By KAREN LANGHAUSER, Editor
My parents started smoking at age 18, and have told me countless times that they really were not fully aware of how dangerous smoking was when they started. While in no way were cigarettes promoted as good-for-you, even in the 70’s, in my parents’ defense, their decision to become smokers did predate extensive anti-smoking campaigns, as well as the abundance of medical research today’s consumers have on tobacco usage.
New legislation was just proposed by the Australian government that would force tobacco companies to use plain, logo-free packaging on their cigarettes, in an attempt to make the products less attractive to consumers. The rules, which would not take effect until July 2012, would ban tobacco companies from including logos, promotional text or colorful images on cigarette packages. Cigarette brand names would be relegated to tiny, generic font at the bottom of the package.
While it might seem insensitive to consider the economic implications of such a law, especially when human lives are at stake, I can’t help but point out that this law will seemingly render cigarette marketing obsolete, as brand awareness will be nearly impossible with plain, logo-free packages. The tobacco industry, like any industry, is highly competitive, and brand loyalty is important for sales. It seems though, that this is exactly what the Australian government is looking to do -- decrease cigarette sales.
Despite the fact that cigarette makers are producing, marketing and selling a product that kills five million people globally per year, tobacco manufacturing is a legitimate, legal business. In the U.S., the manufacturing of cigarettes alone employs over 15,000 Americans, many of which have mortgages to pay and families to feed. I know no one wants to pity the wealthy cigarette execs, but there are a lot of blue collar employees involved in the manufacturing process whose livelihoods depend on sales in the tobacco industry.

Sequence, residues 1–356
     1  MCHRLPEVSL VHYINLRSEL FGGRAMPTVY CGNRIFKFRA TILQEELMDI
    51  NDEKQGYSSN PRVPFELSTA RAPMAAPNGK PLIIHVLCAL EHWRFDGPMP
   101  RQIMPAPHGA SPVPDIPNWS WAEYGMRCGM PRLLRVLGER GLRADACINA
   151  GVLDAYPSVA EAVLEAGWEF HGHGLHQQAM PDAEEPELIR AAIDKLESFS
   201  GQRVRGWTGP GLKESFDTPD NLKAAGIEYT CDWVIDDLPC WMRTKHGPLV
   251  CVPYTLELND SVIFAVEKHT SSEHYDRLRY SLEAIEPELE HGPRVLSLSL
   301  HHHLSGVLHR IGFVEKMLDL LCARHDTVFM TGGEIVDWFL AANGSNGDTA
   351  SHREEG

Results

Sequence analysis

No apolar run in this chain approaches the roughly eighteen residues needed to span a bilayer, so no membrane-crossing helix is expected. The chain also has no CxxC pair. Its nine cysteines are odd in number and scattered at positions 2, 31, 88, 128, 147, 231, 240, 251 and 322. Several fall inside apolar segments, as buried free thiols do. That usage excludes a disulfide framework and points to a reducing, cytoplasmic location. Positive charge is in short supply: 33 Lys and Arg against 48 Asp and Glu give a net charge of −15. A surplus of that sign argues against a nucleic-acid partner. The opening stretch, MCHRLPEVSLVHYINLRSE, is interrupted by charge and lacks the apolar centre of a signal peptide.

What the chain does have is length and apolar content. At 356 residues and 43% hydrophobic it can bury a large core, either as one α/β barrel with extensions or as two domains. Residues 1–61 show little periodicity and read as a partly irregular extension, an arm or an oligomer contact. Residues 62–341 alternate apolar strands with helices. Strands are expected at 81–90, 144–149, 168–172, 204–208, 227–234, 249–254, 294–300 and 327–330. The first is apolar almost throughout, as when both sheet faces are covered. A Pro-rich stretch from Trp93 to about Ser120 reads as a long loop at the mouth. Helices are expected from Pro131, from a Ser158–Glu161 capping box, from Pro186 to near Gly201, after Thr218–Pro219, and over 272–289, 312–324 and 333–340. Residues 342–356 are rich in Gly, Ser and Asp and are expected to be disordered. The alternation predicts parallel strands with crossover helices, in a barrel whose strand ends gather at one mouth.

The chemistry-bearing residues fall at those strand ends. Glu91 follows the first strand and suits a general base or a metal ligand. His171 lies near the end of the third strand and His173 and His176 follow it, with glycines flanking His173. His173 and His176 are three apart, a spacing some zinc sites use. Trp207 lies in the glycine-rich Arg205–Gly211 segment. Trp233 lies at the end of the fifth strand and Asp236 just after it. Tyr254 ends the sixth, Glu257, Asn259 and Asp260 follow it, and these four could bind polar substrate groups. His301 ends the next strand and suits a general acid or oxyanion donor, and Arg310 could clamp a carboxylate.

Any time government mandates are proposed, I always wonder why we are always assuming consumers are stupid and gullible. Today’s society (in both Australia and the U.S.) is flooded with information about the dangers of smoking – from television ads, to billboards, to entire educational programs in our schools. The world is certainly not ill-informed about the risks of smoking.
I am willing to bet that not a single smoker buys a pack of cigarettes thinking it’s a healthful decision. They buy them because they are addicted – and I firmly believe today’s society is too well-informed to make the ugly decision to start or continue these addictions based on pretty packaging.